Maurice Moonitz

Maurice MoontzThe son of Samuel David and Eva Wittstein Moonitz was born on October 31, 1910, in Cincinnati, Ohio. He attended the public schools in Cincinnati, and he graduated from Withrow High School in 1927. He attended the University of Cincinnati for two years (1927-29); he withdrew for financial reasons. After working two years (1929- 31) for a bank in Sacramento, he decided to pursue his college education at the University of California, Berkeley from which he received a bachelor's degree in 1933.

After graduation he worked most of 1934 as a commercial bookkeeper for the Federal Land Bank of Berkeley. In the fall of 1934 he returned as a student to the University of California, Berkeley and remained until 1937. During this time he completed a master's degree (1936) and the qualifying examinations for the doctorate degree. While teaching full-time at the University of Santa Clara (1937-42), he completed the requirements for the doctorate degree (1941) at the University of California, Berkeley. In 1942 he moved from Santa Clara to Stanford University where he taught until he resigned in 1944 to become a staff accountant with Arthur Andersen & Co. He was certified as a CPA in 1945 (California). He left Arthur Andersen in 1947 to return to the University of California, Berkeley as an associate professor (1947-53); he was promoted to professor in 1953.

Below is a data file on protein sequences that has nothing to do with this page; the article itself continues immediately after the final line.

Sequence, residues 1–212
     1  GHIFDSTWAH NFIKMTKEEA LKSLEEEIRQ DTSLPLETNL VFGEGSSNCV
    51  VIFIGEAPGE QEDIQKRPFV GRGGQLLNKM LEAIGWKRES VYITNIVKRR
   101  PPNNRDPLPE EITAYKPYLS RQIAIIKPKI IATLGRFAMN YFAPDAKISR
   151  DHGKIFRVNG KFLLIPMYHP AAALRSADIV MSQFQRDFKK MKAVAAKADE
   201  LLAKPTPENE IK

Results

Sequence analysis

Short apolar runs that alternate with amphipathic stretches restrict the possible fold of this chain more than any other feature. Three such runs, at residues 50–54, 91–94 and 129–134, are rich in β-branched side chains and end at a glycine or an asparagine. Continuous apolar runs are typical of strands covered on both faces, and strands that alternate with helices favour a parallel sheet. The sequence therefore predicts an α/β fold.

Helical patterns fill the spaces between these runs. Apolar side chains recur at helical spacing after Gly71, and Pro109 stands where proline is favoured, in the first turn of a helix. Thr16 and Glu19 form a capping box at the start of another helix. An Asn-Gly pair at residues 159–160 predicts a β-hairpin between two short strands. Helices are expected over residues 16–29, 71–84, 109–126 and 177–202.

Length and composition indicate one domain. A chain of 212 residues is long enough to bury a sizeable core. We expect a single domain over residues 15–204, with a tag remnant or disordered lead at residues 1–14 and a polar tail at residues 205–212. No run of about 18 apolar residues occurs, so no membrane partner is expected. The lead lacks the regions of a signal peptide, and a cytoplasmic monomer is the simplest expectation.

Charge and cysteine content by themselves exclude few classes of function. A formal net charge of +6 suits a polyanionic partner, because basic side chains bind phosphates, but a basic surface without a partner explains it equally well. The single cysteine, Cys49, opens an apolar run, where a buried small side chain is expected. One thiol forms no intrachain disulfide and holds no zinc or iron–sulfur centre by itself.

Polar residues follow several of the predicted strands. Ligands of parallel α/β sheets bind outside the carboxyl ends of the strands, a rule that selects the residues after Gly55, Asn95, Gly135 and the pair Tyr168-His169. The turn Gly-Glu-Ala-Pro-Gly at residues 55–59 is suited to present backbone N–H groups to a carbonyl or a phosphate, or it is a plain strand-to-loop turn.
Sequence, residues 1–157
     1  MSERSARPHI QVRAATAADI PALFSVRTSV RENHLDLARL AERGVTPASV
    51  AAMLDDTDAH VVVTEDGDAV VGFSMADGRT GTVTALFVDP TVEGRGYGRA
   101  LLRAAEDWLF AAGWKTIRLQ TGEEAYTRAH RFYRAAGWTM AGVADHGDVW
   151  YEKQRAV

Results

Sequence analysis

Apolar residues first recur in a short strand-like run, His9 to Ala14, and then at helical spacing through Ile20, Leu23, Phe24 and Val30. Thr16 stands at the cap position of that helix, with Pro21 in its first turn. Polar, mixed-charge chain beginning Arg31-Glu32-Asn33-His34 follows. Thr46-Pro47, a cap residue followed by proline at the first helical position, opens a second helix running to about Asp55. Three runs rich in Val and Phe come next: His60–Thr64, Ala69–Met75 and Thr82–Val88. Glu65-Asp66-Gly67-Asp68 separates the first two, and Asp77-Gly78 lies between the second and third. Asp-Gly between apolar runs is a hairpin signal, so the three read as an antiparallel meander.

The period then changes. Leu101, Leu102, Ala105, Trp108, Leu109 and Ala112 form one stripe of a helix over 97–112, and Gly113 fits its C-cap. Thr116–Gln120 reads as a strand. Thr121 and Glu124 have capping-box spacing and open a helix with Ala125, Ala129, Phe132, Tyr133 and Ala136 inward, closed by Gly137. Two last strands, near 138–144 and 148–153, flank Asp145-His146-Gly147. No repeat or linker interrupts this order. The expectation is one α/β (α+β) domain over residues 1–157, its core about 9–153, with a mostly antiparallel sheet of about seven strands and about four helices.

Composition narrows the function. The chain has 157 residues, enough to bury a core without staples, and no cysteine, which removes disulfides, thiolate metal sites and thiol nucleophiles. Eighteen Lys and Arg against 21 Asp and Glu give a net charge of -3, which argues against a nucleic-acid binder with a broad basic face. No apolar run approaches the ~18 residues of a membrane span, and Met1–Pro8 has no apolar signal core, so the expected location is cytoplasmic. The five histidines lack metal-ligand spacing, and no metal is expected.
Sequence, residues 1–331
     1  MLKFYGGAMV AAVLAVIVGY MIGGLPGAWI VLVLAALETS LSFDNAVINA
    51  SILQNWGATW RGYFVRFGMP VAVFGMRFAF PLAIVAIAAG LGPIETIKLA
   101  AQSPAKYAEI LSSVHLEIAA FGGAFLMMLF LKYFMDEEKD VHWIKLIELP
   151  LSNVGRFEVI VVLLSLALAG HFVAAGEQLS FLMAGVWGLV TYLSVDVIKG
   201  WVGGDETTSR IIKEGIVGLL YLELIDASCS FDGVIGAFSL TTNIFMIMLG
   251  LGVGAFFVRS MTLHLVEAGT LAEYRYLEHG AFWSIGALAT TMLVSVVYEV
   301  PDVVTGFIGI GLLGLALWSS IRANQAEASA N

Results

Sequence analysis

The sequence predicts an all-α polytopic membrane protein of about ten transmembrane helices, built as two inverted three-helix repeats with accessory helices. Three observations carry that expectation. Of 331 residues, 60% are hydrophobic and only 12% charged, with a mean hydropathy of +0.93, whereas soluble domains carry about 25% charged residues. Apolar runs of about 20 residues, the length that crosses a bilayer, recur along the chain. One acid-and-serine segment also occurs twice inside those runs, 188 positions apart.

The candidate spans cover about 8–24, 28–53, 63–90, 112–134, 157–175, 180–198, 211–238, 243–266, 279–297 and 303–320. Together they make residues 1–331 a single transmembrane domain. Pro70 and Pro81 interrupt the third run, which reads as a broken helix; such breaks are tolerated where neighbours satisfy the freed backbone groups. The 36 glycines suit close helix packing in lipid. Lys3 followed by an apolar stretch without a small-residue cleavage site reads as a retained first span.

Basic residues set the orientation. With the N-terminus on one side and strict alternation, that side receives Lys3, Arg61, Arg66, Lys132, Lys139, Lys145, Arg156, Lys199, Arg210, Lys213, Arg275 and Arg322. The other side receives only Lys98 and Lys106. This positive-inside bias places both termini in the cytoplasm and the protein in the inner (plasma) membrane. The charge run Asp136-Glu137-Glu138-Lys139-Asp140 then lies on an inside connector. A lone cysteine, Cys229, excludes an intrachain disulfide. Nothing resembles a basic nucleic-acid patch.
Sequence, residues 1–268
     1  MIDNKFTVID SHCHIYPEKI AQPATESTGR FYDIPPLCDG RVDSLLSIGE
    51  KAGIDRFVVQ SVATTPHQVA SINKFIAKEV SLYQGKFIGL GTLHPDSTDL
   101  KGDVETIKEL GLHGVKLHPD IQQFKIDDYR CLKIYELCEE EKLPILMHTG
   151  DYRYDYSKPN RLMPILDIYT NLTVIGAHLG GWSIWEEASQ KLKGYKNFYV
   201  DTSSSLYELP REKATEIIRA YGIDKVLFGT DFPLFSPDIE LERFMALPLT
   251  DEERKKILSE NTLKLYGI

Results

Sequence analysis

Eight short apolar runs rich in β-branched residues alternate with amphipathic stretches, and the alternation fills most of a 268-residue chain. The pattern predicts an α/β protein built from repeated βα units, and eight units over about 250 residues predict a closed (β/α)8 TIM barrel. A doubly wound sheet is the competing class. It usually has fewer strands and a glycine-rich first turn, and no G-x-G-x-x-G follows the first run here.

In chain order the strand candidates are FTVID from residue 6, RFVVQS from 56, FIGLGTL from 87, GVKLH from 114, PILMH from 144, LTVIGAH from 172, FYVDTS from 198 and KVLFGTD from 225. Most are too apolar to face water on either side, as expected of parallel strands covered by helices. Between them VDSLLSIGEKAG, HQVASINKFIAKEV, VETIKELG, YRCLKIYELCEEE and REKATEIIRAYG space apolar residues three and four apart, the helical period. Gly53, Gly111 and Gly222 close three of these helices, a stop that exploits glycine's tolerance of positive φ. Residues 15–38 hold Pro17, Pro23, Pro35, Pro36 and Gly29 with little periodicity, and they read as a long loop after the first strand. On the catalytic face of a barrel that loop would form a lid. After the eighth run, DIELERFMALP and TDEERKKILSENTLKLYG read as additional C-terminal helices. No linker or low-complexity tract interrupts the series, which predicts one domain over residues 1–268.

During the period 1955-59 he served as the first associate dean of the university's newly-formed Graduate School of Business Administration. He took a leave from the university in 1955-56 to go with Arthur Andersen & Co. to refresh his knowledge of public accounting. Another leave was taken in 1960-63 to serve as director of accounting research of the AICPA. He returned to Berkeley and while serving on the faculty during the period of 1963-66, he also served as a member of the APB. He took a two-year leave from the university in September of 1966 to serve as founding director of the Lingnan Institute of Business Administration of the newly-formed Chinese University of Hong Kong.